Accelerating innovation

Donnelly was a founding partner of DigitalHealth.London, a programme that aims to speed up the development and scaling of digital innovations across health and care, as well as pioneer their adoption by the NHS.

“We came together with our fellow AHSN partners in London, and MedCity, and established DigitalHealth.London,” she says. “It was a recommendation from the London Health Commission that London lacked a central digital institute to make it simpler for people with good digital ideas in the healthcare space to know what to do with them.

“The biggest programme that we run is the Accelerator programme, and that’s where we support very strong ideas, usually from 20 to 30 companies over the course of a year. We provide intensive support in terms of learning about the NHS and linking them into the people who have a problem that their technology could solve.”

One of the digital ideas that found success through support from DigitalHealth.London was “Perfect Ward” – an app that helps with the task of doing a ward inspection safety audit and saves nurses time. It has also been adapted for use with the London Ambulance Service and is now in place across every ambulance station in the city, saving paramedic time.

There’s also the DrDoctor system, which enables outpatients to view, change and schedule appointments themselves online, on smartphone or by conversational SMS.

The system has helped to reduce missed appointments, saving hospitals time and money, and is rated very highly by patients who use it.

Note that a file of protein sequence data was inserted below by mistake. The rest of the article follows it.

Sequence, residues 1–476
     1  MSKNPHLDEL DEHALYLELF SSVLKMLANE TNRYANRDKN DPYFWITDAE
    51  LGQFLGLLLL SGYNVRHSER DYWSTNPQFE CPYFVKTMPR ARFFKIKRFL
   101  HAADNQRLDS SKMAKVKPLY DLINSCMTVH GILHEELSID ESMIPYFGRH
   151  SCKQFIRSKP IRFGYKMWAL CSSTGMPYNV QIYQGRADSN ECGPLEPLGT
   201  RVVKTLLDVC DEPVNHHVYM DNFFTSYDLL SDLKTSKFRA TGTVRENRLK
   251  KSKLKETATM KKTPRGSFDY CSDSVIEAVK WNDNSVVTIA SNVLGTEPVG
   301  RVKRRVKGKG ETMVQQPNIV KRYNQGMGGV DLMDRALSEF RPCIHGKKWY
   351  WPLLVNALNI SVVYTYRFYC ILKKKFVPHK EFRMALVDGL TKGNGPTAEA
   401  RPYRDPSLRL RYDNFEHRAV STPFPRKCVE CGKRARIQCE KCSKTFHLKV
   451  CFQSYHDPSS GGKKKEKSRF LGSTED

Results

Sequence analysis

Future potential

Technology’s part in the healthcare sector is sure to grow, and Donnelly believes “it has huge potential to improve services for patients, and there are lots of examples of that. It needs to grow.

“With the new secretary of state’s huge interest in technology, that has put it centre stage, and we have got a number of people leading work across the NHS at the moment who really get this, so I feel quite optimistic.

“It’s a very exciting time to be working in digital in the NHS,” she continues. “There’s huge opportunity. Even five years ago, it might have been a bit of a niche subject, but now we are getting many more of the mainstream leaders understanding this. However, it’s important that it’s the medical directors, the nursing directors and the chief executives who are leading the change programmes for which digital can be a great supporting role, and that it’s not the other way around.”